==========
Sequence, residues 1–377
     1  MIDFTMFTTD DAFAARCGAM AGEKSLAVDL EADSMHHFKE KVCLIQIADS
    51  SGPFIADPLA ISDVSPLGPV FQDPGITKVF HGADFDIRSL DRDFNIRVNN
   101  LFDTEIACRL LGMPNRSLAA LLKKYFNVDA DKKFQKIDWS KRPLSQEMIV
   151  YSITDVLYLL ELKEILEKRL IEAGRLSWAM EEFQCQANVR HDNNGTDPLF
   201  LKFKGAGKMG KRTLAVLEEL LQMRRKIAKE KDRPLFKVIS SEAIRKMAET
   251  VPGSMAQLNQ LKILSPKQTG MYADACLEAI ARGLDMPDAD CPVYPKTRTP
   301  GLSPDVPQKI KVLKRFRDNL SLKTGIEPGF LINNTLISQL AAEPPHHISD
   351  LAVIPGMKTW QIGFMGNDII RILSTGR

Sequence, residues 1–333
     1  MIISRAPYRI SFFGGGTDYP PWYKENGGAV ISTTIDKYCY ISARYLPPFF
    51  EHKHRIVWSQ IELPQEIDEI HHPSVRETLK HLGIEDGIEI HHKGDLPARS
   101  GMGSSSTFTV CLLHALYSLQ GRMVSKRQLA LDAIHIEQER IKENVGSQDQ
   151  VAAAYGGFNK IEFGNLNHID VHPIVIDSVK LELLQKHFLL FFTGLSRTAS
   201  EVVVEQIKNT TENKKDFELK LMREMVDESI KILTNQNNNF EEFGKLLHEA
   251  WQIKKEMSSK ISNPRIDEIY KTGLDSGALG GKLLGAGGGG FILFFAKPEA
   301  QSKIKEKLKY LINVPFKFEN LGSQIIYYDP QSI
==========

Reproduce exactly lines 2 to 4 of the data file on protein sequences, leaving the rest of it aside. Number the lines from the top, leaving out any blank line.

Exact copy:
     1  MIDFTMFTTD DAFAARCGAM AGEKSLAVDL EADSMHHFKE KVCLIQIADS
    51  SGPFIADPLA ISDVSPLGPV FQDPGITKVF HGADFDIRSL DRDFNIRVNN
   101  LFDTEIACRL LGMPNRSLAA LLKKYFNVDA DKKFQKIDWS KRPLSQEMIV